#LockdownDiary – One of many – Day 57
The idea of a collection of daily words describing how you felt for 30 days of social distancing and isolation feels really meaningful to me and something that I think I’d really appreciate having in 10 years. Think outside the box of what you might typically write!— NaNoWriMo (@NaNoWriMo) March 31, 2020
One of the neighbour’s kids has just jumped in their newly purchased pool. The water sloshes around as he moves around the narrow circle of water. I am sitting in the study on the first floor of our house, my laptop overheating from too many open programs, my body trapping the radiated heat. I stand up and watch the blue water, cool and fresh in this hot day.
The second boy joins the first and they begin a duel of holding breath, their heads fully submerged under water. ‘One, two, three, four, five…’ Their step father counts aloud, the entire neighbourhood listening in. He stops counting after 30.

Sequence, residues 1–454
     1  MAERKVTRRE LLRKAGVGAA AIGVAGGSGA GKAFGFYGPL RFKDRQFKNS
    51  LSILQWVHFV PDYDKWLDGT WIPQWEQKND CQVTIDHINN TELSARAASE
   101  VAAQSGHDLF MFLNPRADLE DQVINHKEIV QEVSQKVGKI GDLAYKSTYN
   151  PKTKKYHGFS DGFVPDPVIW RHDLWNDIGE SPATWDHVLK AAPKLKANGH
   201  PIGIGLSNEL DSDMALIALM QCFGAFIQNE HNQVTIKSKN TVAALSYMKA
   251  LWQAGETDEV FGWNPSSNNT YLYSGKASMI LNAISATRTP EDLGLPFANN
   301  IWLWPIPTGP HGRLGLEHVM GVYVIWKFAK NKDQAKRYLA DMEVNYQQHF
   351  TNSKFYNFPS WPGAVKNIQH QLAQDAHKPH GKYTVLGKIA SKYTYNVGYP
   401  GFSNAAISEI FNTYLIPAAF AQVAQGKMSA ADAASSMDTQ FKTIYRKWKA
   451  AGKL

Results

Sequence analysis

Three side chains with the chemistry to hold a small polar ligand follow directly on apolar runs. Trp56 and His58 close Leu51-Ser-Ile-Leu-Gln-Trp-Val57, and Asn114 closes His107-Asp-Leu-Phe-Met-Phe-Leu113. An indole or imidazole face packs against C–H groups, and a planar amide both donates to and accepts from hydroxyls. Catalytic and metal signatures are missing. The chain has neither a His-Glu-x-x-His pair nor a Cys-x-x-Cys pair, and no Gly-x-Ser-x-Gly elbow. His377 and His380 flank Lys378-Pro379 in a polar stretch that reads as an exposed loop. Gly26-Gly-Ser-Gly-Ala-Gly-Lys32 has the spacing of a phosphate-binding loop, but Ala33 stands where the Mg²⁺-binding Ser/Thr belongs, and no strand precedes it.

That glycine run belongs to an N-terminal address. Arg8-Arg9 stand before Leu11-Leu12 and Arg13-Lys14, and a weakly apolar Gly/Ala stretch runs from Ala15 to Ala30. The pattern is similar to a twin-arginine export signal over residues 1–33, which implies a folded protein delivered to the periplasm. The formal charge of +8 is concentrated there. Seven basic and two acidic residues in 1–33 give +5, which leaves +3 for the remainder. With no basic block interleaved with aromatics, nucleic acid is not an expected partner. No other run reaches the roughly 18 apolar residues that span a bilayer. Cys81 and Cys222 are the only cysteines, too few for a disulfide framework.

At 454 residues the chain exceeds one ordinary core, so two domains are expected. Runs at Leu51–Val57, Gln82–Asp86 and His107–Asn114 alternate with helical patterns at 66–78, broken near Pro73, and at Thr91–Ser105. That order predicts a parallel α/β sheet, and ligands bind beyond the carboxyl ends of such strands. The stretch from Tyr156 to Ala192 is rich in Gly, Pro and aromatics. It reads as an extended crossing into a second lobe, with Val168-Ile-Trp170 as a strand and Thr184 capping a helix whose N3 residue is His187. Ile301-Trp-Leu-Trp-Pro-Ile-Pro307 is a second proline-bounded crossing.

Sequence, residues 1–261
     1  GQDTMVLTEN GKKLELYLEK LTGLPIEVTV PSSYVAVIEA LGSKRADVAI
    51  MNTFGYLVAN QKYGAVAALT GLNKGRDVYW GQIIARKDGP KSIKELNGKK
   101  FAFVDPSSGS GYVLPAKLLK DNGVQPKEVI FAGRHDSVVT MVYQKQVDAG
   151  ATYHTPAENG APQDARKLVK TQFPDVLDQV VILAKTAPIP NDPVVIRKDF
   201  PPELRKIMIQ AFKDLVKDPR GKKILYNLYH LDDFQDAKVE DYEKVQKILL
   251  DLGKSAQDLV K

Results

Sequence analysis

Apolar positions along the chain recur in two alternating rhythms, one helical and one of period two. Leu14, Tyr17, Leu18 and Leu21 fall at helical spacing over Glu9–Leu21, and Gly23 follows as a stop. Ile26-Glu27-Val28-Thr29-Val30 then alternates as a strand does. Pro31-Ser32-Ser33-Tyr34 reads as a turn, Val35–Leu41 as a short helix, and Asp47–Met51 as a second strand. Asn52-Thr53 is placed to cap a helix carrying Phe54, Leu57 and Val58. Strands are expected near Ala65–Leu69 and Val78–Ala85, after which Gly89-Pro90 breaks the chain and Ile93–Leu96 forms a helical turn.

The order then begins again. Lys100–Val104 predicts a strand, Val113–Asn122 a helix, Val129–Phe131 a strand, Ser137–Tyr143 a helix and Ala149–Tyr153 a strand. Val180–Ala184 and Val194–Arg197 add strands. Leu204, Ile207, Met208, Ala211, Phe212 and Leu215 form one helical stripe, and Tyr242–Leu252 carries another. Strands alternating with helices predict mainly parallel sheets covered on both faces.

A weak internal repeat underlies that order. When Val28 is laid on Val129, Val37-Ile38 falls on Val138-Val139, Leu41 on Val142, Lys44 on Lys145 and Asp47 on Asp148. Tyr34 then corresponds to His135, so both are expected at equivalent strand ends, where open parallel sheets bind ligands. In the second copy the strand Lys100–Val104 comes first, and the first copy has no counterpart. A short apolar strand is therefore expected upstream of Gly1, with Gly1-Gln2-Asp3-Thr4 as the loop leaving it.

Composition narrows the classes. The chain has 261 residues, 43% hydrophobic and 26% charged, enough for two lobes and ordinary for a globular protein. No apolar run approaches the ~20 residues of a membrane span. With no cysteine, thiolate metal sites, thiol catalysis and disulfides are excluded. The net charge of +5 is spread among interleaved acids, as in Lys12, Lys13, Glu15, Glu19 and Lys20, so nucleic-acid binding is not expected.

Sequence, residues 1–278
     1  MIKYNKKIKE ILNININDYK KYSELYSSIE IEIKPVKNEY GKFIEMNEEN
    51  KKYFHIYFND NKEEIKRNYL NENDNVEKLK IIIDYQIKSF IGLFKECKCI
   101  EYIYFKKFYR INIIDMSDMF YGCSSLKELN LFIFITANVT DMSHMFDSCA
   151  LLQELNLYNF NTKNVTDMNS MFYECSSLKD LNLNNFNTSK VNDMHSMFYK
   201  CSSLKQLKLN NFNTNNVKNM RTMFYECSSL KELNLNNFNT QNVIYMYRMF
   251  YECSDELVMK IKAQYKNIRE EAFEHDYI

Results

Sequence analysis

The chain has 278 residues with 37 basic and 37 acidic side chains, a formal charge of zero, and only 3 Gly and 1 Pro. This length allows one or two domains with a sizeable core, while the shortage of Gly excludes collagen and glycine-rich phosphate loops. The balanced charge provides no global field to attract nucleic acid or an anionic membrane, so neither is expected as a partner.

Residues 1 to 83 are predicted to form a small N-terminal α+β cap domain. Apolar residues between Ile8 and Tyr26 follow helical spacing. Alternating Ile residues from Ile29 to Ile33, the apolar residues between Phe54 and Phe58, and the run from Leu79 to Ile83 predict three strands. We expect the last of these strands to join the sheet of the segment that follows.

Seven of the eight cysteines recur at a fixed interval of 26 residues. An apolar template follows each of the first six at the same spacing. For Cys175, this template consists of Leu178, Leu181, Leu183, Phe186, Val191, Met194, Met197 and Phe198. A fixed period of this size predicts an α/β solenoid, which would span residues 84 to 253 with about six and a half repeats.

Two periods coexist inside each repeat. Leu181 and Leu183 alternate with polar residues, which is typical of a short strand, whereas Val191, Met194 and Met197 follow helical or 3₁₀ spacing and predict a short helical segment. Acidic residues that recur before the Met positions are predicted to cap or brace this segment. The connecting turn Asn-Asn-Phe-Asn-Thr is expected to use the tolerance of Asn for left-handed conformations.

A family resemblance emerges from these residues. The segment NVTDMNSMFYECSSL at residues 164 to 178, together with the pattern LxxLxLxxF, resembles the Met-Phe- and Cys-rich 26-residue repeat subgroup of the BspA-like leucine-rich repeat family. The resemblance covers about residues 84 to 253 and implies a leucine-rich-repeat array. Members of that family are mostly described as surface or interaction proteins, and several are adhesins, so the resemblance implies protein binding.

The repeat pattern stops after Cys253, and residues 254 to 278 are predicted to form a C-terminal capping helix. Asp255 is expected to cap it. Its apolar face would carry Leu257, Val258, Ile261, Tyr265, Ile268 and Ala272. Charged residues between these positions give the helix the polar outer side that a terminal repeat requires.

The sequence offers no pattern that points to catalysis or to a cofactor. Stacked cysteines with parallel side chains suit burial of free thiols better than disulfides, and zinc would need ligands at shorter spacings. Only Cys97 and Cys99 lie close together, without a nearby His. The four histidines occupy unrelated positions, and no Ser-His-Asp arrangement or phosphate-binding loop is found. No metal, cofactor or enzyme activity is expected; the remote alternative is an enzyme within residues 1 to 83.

‘Two hundreds and three! Wow R. this is amazing!’
We don’t hear of the record of K. Presumably it was much less. They try again, and again, until breathless, the boys sit cross legged in the middle of the pool, the water reaching halfway up their torso.
The files I was working on exported, I close the programs. My laptop hyperventilates for a minute longer, a last groan of anger at too many demanding tasks, and falls silent.
I get off the chair and stretch, looking out of the window into the neighbour’s garden. The pool is empty. One of the boys – I can never tell who is R. and who is K. – is lying next to the baby under a makeshift umbrella. He is making faces at little J. who wriggles his body in delight. They are both naked save for a pair of underwear. I watch them play for a while before returning to my laptop.
‘How many burgers should I cook,’ the man’s voice booms above the fence.
‘One each will be fine,’ the woman replies.
I realise I still don’t know their names. They have shared it when we moved but this was months ago and I was too busy juggling too many admin tasks to find space in my brain to remember.
Smoke rises from their barbecue, the acrid smell sliding under the glass of the open window. I cough and reduce the gap between the window and the open world. The man looks up and sees me from his garden. I smile and wave.
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